In 125 BC, the major Greek port city of Massalia (now Marseille) in the hellenized region of Southern Gaul, threatened by incursions from the Celto-Ligurian tribes of the Provencal hinterland, called for help from its Roman ally. The Senate sent its armies and within a few years, they had subjugated the local populations from Southern Gaul to the Pyrenees. Rome now controlled the vast area linking Italy to Spain.
To secure these strategic territories and ensure control of their trade routes, in 118 BC, the Senate ordered the construction of a thoroughfare, the Via Domitia, and the foundation of the first Roman colony outside of Italy. Two thousand Roman citizens were settled on a prime location of the lower Aude Valley, in immediate proximity to the Mediterranean coast. Colonia Narbo Martius, the present day Narbonne, was born.
A Turbulent History
As the capital of the Narbonnaise Province, Narbo Martius became a major merchant port of the Roman Empire. It experienced its heyday in the first two centuries AD, when it spread across nearly 240 hectares (590 acres) upon which rose the various monuments typical of the large Roman city: forum, temples, amphitheater, thermal baths, market. However, among the many temples that Narbo Martius must have had, only the great sanctuary discovered in the 19th century on the site of Narbonne’s high school is known to us. Located in the heart of the original Roman city and looking over the forum, it is now identified as its Capitol —the temple dedicated to the three deities Jupiter, Juno and Minerva.
Unfortunately, the structures of the ancient city almost completely disappeared over the centuries of Narbonne’s turbulent history, starting with the general decline of the empire in the 3rd century. Then in the 5th century, it fell into the hands of the Visigoths before being conquered by the Arabs in 719 and looted by the Vikings in 859. Through the successive reconstruction efforts, the remains of the Roman past became a convenient stone quarry for centuries of builders. Consequently, although no complete Roman monument has survived, many fragments of architecture that illustrated the splendor of the city have been preserved.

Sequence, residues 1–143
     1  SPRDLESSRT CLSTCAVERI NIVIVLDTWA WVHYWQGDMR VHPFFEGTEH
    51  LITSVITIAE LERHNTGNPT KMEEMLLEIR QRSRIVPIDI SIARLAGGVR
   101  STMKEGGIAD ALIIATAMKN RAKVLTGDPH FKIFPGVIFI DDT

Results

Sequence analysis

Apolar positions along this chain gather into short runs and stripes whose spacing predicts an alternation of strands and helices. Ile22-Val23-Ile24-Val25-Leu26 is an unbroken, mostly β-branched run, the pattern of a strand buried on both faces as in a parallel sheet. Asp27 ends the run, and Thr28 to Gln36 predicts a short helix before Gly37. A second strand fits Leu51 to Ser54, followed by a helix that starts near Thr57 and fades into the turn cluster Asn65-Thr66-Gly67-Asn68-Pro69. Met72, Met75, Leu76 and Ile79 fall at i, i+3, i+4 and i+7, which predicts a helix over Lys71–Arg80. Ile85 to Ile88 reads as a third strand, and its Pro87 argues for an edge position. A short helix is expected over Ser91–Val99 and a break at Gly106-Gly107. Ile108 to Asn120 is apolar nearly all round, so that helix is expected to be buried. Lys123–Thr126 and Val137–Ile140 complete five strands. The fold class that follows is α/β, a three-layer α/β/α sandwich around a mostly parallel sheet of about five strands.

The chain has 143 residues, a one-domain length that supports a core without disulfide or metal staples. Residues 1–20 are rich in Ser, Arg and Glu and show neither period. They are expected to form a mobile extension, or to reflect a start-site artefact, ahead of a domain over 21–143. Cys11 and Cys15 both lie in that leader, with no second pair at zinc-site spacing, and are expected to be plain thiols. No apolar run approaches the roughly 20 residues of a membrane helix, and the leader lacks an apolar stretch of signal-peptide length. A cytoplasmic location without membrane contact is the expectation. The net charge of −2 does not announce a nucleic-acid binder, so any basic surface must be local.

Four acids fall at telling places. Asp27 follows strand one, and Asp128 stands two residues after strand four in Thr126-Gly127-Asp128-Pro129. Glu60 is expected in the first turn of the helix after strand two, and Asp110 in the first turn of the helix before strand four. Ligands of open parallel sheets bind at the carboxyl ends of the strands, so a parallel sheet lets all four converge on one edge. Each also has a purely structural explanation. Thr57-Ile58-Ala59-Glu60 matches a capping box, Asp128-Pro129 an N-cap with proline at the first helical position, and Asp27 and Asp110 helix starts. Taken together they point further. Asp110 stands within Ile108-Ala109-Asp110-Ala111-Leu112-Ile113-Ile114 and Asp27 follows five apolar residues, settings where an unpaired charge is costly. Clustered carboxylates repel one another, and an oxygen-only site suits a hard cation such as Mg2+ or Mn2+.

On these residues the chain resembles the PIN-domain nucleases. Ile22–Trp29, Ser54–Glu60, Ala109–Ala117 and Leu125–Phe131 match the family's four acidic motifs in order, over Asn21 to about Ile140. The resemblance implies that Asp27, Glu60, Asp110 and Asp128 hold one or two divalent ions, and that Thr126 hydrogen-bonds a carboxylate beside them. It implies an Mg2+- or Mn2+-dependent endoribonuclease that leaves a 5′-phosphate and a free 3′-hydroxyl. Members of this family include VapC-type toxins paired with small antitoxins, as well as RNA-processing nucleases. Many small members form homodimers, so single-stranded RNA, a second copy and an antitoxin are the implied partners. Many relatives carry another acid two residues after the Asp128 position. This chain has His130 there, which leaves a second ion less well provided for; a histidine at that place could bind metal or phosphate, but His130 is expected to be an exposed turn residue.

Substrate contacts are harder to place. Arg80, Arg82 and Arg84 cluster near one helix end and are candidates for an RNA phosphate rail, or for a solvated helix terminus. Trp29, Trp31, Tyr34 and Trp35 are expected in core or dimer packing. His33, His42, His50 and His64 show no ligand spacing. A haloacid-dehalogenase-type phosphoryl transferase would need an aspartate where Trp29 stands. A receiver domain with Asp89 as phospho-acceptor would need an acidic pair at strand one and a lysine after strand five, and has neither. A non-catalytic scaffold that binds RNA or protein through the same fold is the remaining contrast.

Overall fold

Reviving a Lost City
Now, thanks to the work of archaeologists and virtual reconstitution specialists, it is possible to experience what Narbo Martius looked like in the Narbo Via museum, open in May 2021 at the eastern edge of the city. Upon entering the airy, light-filled reception area, the eye is immediately drawn to the spectacular backbone of the building: a soaring gallery lining the entire back wall, covered by a monumental (76 by 10 meters or 250 by 32 feet) storage device, custom designed to showcase the remarkable lapidary collection of Narbo Via. This unique lapidary wall consists of 760 blocks of carved limestone weighing on average 400 kilograms (900 pounds) each. Originally funerary blocks that evoked the profession or the trade of the deceased, they were ‘harvested’ from Roman necropolises and systematically repurposed throughout the middles ages into the successive fortification walls of the city.